Tuesday, January 14, 2020

Unveiling the Mind

A beautiful young woman stops speaking and attempts suicide and a team of handsome men try to put her back together again in 1945's The Seventh Veil. The sexualisation of a woman's psyche isn't even really subtext--the title refers to a statement by Herbert Lom's psychiatrist character who compares his therapeutic hypnosis, stripping away a patient's layers of psychological insulation, to Salome dancing the Seven Veils. The last veil, he suggests, is the one human beings almost never, ever allow to be removed. From this prologue, the viewer is compelled to watch the film with rapt attention so the sexual discourse becomes intriguing and nuanced.

Ann Todd plays Francesca Cunningham in every scene in the film, from age 14 to to 26. She's a talented actress but, at 28, convincingly portraying 14 is a lot to ask. Still, her first meeting with her new guardian, following the death of her parents, is plenty provoking.

James Mason stars as her "uncle" Nicholas--in fact her second cousin. He has a cat in his lap when she meets him--she tells him she's afraid of cats but he invites her to "stroke it." You don't need to be Freud to read into that.

But despite the obsessively grooming relationship Nicholas develops with Francesca as he teaches discipline to go along with her natural talent at the piano, mainly things remain chaste. Her first love is another musician, the rather uninspiring American Peter (Hugh McDermott). In fact, it's conspicuous how much better looking Nicholas is than any of the other men in the film with the possible exception of Herbert Lom. Lom and Mason attempting to penetrate her veil, as it were, takes the form of finding the root of her anxiety about her hands which inhibits her ability to play piano. This puts one in mind of Marnie but The Seventh Veil was more of a piece with two great movies from the 1940s about men moulding women as musical performers, Citizen Kane and The Red Shoes. The Seventh Veil never reaches such heights and is a comparatively traditional melodrama with roots in Jane Eyre and Pamela. Still, the tension between sexual chemistry and a master/pupil relationship is exciting and it's hard to say no to James Mason with a cat.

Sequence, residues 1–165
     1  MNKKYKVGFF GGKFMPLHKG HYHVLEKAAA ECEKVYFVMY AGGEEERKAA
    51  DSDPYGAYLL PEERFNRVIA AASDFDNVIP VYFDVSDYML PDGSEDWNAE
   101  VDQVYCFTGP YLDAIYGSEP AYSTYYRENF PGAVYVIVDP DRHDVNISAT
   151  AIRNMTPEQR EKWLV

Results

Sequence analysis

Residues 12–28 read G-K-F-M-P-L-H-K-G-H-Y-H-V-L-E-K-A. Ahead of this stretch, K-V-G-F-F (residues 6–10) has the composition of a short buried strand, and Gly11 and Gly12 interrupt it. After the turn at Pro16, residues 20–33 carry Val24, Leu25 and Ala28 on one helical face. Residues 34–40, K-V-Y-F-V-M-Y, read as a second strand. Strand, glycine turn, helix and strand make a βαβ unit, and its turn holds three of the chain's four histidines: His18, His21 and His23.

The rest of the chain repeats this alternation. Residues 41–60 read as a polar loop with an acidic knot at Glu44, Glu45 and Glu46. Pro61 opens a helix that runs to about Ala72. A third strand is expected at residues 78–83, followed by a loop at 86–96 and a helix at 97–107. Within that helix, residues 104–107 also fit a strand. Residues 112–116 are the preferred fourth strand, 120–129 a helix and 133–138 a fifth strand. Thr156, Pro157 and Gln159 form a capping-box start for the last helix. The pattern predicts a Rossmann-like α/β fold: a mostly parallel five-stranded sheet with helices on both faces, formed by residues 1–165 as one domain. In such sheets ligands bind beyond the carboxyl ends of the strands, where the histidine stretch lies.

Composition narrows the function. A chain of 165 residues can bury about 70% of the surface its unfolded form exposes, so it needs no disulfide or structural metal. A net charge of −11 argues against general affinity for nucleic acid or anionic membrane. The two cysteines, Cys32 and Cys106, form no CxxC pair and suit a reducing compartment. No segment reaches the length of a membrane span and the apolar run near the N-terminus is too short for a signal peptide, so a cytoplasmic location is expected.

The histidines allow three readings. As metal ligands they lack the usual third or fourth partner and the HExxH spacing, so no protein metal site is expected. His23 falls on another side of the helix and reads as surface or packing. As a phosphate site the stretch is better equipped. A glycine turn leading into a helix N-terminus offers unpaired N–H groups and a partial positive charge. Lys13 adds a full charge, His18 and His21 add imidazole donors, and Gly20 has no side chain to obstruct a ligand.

The Seventh Veil is available on The Criterion Channel.

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